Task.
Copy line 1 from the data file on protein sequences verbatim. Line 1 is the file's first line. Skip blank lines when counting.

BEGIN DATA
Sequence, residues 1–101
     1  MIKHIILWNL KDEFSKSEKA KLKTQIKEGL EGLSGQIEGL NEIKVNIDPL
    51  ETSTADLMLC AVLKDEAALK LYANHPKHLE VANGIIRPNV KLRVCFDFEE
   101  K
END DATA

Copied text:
Sequence, residues 1–101